As well as dancing, acting and competing in athletics competitions, I sang my heart out in our new ‘Church of England’ with, ‘All Things Bright and Beautiful,’ being my favourite hymn. I was also an avid reader and would read even the English dictionary for fun.  My father gave me book after book to read- Charles Dickens, Encyclopaedias and Science Fiction novels. I hated Science Fiction as the stories seemed so far-fetched. I would rather indulge in reading my bible, looking for a clue to why Jesus wasn’t responding to my calls for the bullying to stop, and what I had to do to attain God’s Favour. But within those pages I found verses speaking of Prophets Lot and Noah doing unspeakable things. I couldn’t understand why I was being encouraged to look for answers in this Book, yet the X-rated books on my father’s top shelf were forbidden for me to even touch. ‘Had my parents even read the bible?’ I wondered, feeling guilt and shame that maybe they didn’t know the sexual nature of the verses I was reading at night.

Aged fifteen I was on a quest, no longer did I head straight for the fiction novels in the Town Library on a Saturday afternoon. Old enough to go alone without my parents seeing what I was reading, I took piles of books from the ‘Religion and Beliefs’ section of the library on Christianity, Sikhism, Hinduism, Buddhism and Black Magic to a table to explore. One night after having a scary experience with a Ouija Board [6] and a glass beaker whilst alone in my room, I promised God not to dabble with the spirits again. My friends introduced me to another craze of telling our future using playing cards, black being a ‘yes,’ answer, red being’ a ‘no.’ I soon saw the ridiculousness in this when I asked the same questions again and again, getting different answers every time. I gave up on my search for truth for a good while. I’d prefer to express  myself through dance and performing, dreaming of stardom as the next ‘Janet Jackson’ where my name would be called out in appreciation and illuminated in lights above Theatres and Concert Halls.

Despite me appearing like any other teenage girl, wearing all the latest fashions and attending youth clubs and ‘discos’ like everyone else, I was determined to marry the old-fashioned way, be the first pop star who wore no make-up and never let money be my goal. Once I left school and began college I decided I was tired of my clothes never being ‘cool enough,’ hair style not being ‘hip enough’ and trainers not being ‘expensive enough.’  I started to dress differently to girls I had gone to school with, in baggier clothes and I’d listen to different kinds of music which focused more on addressing humanitarian  issues and worthy causes. The repeated swears in the raps I listened to didn’t sit well with me though. A lot of the time I felt ‘unclean’ and tainted by the harsh world and revived my prayers, requesting God to bring me that comfort and peace I asked for as a child.

In College I was studying Psychology, Biology and Law. I wanted to be a Criminal Psychologist and figure out why the inhabitants of the world were so vicious, unjust and unruly. I chose to remain in the company of Asians whose families originated from the Indian subcontinent, as they were more accepting and generally kinder than my white friends in school. This is when I began to hear of the terms ‘halal’ and ‘haram’ from my Muslim friends, but more frequent were discussions on  Bollywood and the Indie-Pop and Indian RnB/Hip Hop music scene. To me it appeared that Sikh, Hindus and Muslims were the same. They listened to the same music, ate the same food and all had strict parents though they called God by different names. The first time I heard the Islamic name for the Creator, ‘Allah’ was whilst listening to an Indian music channel. I heard a news report that shoes were being sold in a shop in Leicester with the name of ‘Allah’ printed on them, causing outrage amongst the Muslims. It stirred in me memories of the Qur’an I saw during the Primary School field trip to the mosque. It also reminded me of my own bible that lay under my pillow. I had too many unanswered question regarding contradictory passages in my bible, but when a fellow college student suggested I read the Qur’an and consider becoming Muslim I laughed at the invitation.  “My Parents will kill me!” I reckoned! To me, being a Muslim was more to do with eating Indian delicacies and mastering Bhangra moves, than adopting any logical belief system. There was no way my parents would approve of me smelling of curry or growing my hair to my feet, I thought!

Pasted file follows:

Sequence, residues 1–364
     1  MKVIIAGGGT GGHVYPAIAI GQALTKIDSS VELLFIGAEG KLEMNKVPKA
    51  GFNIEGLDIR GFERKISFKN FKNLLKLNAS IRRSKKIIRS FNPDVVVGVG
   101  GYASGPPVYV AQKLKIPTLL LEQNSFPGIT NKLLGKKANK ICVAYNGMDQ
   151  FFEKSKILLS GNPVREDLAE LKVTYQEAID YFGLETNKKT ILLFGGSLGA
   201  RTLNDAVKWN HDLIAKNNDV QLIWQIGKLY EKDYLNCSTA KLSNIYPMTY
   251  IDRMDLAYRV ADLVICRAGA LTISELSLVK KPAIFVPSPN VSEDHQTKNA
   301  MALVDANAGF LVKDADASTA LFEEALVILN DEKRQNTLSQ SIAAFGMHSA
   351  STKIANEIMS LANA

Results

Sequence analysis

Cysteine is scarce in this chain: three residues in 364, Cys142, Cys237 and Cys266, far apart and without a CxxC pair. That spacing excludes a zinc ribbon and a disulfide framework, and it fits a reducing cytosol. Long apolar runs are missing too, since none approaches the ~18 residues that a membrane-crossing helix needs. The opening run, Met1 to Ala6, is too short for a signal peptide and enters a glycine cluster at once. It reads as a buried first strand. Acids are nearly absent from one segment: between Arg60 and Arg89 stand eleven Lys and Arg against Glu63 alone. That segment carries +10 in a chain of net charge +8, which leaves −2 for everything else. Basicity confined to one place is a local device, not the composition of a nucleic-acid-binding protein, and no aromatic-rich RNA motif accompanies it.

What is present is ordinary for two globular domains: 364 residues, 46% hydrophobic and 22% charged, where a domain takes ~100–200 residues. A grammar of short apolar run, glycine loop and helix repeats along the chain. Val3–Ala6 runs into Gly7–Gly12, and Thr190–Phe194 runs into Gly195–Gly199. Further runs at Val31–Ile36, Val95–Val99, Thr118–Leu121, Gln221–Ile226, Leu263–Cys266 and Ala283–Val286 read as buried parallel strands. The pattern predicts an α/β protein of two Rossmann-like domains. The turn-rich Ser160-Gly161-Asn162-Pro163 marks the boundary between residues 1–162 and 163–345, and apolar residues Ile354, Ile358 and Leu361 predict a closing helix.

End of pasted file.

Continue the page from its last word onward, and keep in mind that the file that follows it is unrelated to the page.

A few weeks later I had a succession of some really bad days. My parents were divorcing and my Type 1 Diabetes which I’d been diagnosed with at twelve was making me grouchy due to neglect.  I had returned to college after a suspension due to me punching an Asian girl who had told me to ‘paint my face brown.’ I had sworn  to myself I wouldn’t be bullied once I stepped foot in college, and although my parents were proud of me standing up for myself, I regretted my disproportionate reaction. I couldn’t concentrate in class so I took myself to the college library and carried a pile of books to an empty table, reviving my childhood passion for studying other faiths and beliefs. I scanned trough books touching on the various Christian denominations, Greek Mythology, Buddhism and Hinduism, Paganism and the Spirit world. I found only fantasy, mythology and some nice stories therein- nothing to transform my world. For some reason, the one book I had picked up on the topic of Islam I left till last, and packed it away in my rucksack where it would remain for weeks. When I mentioned to a Muslim girl that I had forgotten to return the book to the library, she handed me a newspaper article and insisted I should read it too. I politely took the clipping, folded it in half and placed it inside the book on the ‘Articles of Islamic Faith.’